Smith and Waters_finalised_2019-07-09.pdf (390.84 kB)
Variation and change in a specialized register. A comparison of random and sociolinguistic sampling outcomes in Desert Island Discs.
journal contributionposted on 2019-07-10, 08:55 authored by Nicholas Smith, Cathleen Waters
Corpus-based studies of specialized registers typically sample texts using random methods as far as possible, but they disregard social characteristics of the speakers/writers. In contrast, in corpus-based studies of conversation and quantitative sociolinguistic studies, sampling is more typically designed to optimize social representation. To our knowledge, this study is the first to compare linguistic outcomes from random versus sociolinguistic sampling in a specialized register. Our data comes from the biographical radio chat show, Desert Island Discs (DID), at different points in time. We constructed two versions of a DID corpus: a sociolinguistic judgment sample based on guest demographics, and a random sample. We compare grammatical usage between them using an inductive (‘key POS-tags’) method and close manual analysis, uncovering some evidence of significant grammatical differences between the samples and differing patterns of diachronic change. We discuss the implications of our research for corpus design, representativeness and analysis in specialized registers.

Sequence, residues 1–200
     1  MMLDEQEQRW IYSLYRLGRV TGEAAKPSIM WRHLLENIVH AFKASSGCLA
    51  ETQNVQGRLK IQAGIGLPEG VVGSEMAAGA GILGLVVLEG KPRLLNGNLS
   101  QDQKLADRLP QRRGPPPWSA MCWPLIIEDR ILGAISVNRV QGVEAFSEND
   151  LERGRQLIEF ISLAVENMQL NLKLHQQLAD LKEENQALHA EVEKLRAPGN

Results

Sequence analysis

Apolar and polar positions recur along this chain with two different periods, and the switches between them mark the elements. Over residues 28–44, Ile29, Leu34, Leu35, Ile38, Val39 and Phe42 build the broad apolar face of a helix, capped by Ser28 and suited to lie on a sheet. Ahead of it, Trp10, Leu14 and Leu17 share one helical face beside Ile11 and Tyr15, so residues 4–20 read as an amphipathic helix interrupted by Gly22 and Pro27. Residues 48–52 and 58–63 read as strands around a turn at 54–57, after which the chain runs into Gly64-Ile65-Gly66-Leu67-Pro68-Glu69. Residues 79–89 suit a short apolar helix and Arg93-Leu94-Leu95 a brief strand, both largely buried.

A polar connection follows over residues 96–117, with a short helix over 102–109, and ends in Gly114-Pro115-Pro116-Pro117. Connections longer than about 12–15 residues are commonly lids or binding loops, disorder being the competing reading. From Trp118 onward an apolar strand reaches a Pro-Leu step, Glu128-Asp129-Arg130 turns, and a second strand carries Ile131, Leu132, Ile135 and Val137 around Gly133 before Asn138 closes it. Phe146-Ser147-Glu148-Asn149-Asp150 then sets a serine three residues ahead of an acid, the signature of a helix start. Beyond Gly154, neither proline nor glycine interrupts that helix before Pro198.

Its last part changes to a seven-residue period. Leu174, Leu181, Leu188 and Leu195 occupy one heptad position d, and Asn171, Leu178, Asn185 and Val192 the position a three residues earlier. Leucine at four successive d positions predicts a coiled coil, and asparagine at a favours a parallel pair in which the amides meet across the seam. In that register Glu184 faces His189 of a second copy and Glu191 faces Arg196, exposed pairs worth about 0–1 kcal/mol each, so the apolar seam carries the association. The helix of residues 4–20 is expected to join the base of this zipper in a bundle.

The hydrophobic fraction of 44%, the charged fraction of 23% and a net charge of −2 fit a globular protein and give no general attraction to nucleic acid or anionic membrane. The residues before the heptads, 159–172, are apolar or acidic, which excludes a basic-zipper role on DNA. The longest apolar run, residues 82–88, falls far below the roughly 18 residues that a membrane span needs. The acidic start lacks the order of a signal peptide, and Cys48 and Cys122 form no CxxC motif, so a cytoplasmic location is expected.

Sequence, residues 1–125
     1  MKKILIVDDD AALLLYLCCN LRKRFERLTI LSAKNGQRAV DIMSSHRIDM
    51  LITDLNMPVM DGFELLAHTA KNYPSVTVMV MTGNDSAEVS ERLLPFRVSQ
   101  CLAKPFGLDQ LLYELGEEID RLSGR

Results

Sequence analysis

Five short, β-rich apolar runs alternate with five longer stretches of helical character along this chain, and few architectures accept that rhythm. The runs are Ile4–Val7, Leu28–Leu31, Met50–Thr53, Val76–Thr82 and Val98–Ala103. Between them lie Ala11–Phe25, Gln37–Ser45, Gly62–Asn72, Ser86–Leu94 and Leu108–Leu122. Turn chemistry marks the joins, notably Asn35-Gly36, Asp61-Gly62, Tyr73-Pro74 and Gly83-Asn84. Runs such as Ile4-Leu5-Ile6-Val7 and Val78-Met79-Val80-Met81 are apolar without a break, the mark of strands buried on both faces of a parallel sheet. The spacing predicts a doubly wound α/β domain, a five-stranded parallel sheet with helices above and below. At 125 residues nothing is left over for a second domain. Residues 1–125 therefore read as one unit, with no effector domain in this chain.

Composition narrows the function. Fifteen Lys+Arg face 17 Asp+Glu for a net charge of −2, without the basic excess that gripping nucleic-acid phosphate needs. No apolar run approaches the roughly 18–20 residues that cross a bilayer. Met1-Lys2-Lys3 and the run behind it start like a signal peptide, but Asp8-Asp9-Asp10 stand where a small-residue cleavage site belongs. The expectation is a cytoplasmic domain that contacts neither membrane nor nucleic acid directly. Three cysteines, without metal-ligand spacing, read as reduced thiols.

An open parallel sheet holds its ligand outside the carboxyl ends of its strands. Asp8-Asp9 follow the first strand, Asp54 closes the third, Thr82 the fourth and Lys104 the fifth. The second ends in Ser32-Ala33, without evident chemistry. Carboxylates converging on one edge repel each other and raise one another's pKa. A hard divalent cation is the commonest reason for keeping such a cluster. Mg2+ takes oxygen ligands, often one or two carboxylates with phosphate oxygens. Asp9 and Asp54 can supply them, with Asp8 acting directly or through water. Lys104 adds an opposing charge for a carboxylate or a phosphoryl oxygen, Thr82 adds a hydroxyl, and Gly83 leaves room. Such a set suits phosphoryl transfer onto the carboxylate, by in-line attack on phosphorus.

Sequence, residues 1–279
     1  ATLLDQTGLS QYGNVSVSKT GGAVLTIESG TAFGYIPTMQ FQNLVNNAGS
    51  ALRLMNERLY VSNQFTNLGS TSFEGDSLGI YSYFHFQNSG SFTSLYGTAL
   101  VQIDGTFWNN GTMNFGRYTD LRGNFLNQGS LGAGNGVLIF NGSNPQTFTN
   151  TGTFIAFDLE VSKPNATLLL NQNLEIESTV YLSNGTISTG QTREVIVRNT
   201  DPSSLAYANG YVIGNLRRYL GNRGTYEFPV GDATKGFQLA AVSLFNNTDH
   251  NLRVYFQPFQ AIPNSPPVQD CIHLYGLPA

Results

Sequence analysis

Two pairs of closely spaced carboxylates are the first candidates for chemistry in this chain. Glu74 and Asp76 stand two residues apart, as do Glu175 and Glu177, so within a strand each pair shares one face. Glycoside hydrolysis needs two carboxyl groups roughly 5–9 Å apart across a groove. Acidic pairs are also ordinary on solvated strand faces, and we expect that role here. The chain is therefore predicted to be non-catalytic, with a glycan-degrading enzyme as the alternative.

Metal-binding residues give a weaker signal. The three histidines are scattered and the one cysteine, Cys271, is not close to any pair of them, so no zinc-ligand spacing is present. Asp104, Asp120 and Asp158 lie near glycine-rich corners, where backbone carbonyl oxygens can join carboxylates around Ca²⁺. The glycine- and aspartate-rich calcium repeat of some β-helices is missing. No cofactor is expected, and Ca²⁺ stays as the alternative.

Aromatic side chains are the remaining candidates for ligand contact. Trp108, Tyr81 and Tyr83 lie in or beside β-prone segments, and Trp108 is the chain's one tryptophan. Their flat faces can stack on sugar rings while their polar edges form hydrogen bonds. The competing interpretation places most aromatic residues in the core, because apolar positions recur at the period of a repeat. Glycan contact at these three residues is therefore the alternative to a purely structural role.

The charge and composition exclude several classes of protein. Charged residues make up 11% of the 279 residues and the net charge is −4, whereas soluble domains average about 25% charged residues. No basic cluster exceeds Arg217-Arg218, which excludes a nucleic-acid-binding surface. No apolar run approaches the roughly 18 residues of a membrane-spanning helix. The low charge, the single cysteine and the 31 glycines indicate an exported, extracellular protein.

We acknowledge the University of Leicester for periods of study leave and a small research grant.
CitationInternational Journal of Corpus Linguistics, 2019, 24 (2) , p. 169 - 201
Author affiliation/Organisation/COLLEGE OF SOCIAL SCIENCES, ARTS AND HUMANITIES/School of Arts
- AM (Accepted Manuscript)